(GK: Garrison Keillor, SS: Sue Scott, TK: Tom Keith, TR: Tim Russell)
GK: We're celebrating the first cold spell today in St. Paul, and looking forward to winter which should be with us in a few weeks. Winter is the season that makes us the great people we are. Winter is a very important developmental tool. It gives children a sense of realistic expectations.
TR: It's October, honey, and one of these days the sun is going to go down and it won't come up again until April. We're going to be indoors mostly, eating a lot of animal fats, and using the furniture for fuel, and not doing laundry or cleaning except to pick the lice off each other, and probably in a few months one of us will go stark raving berserk. Okay? And probably we're going to have to kill Rex and eat him.
SS (CHILD): Okay, Daddy.
GK: Winter teaches us that we don't always have control over what happens to us, that we may need to deal with frustrations and challenges. (CAR STARTER)
TR: I'm sorry, honey. We can't go to a movie. The car won't start. Guess we'll have to stay home and do shadow puppets or something.
SS (CHILD): Oh. Shoot.
GK: Winter also teaches that actions have consequences. (TR SLIPPING ON ICE, FALLING, MOANING)
TR (IN PAIN): Daddy fell on the ice, honey. Daddy broke his leg. See where the bone is poking out of Daddy's pantleg. You see that?
SS (CHILD): Yucchhhh.
GK: And it gives children a sense of empowerment.
TR (IN PAIN): Daddy needs you to go in the house and call 911. If you don't, Daddy will freeze to death. Okay?
TR: Do you know what a 9 looks like?
SS: Is that the one that looks like a penis and scrotum?
SS: Oh. Okay.
GK: Winter helps a child learn to prioritize.
SS: Before I call 911, is it okay if I go over to Jessica's and play for an hour?
TR: No, honey. If you do, Daddy will freeze to death. And you'll have to be in therapy for years trying to deal with the guilt.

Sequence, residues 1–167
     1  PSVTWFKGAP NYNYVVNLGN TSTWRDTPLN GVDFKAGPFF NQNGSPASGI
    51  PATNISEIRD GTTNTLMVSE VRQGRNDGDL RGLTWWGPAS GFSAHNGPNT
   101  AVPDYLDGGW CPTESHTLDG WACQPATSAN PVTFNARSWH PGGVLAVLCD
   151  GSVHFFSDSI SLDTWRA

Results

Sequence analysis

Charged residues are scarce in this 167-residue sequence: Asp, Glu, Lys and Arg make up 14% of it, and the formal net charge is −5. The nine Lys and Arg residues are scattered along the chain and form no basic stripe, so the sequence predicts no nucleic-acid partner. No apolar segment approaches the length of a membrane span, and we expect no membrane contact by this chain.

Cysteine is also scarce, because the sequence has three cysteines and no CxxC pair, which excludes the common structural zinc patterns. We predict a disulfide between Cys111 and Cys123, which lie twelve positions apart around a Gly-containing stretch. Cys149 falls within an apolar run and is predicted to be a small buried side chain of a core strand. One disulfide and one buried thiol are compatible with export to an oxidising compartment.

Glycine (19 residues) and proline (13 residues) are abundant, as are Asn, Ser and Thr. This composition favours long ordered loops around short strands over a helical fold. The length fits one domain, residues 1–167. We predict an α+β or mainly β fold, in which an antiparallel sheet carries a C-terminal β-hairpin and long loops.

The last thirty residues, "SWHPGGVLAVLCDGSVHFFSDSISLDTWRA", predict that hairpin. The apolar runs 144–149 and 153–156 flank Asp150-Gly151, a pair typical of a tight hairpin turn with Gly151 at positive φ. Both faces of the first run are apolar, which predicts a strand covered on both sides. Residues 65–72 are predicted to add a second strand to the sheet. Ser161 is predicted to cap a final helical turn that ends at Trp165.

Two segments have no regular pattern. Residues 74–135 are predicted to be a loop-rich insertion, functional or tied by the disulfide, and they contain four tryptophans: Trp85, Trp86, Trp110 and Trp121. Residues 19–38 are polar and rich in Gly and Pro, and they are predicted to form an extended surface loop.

SS: Oh. Okay. Then I should call 911 first?
GK: And winter helps to teach children to negotiate.
SS (CHILD): What will you give me to call 911?
TR (IN PAIN): How about candy?
SS (CHILD): I'd prefer money.
TR (IN PAIN): How much?
SS (CHILD): I'll go get your checkbook, Daddy.
GK: Winter helps teach a child the meaning of inappropriate or dangerous behavior.
SS: How about I light fire to your clothes? That'd make you warm, Daddy.
TR: That'd be dangerous.
SS: Okay. How about I go get a gun and put you out of your misery?
TR: That would be inappropriate!
SS: You're right. It would be.
TR: Honey, just call 911
SS: (SHAKING DOOR) O.K. Oh oh. The door's frozen shut. Guess I can't.
GK: Finally, winter teaches us to deal with loss.
SS (CHILD): I miss Daddy a lot. He was a nice Daddy and he was a lot of fun sometimes when he wasn't so angry. He was a pretty smart Daddy. Mostly. Though it was dumb to slip on the ice and break his leg and freeze to death. Oh well. Soon it'll be spring and as soon as we can get the car started, Mom and I are moving to California and soon I'll have a new Daddy.
TR (KEANU): Hey, that's me.
SS: Wow. You're skinnier than my Daddy and you've got really cool hair. And you're tan. And you're really really rich. And you live in this really cool house. (SURF, GULLS)
TR: Well, you're a terrific kid, Julie. You're so mature. You've got great coping skills and you communicate well and you have a great sense of boundaries and of realistic expectations.
SS: Thanks to winter!
TR: You and me and your Mom are going to be very very happy together for the rest of our lives.
SS: Sure. Right. (MUSIC OFF)
GK: A message from the Minnesota Safety Council.
(c) 2000 by Garrison Keillor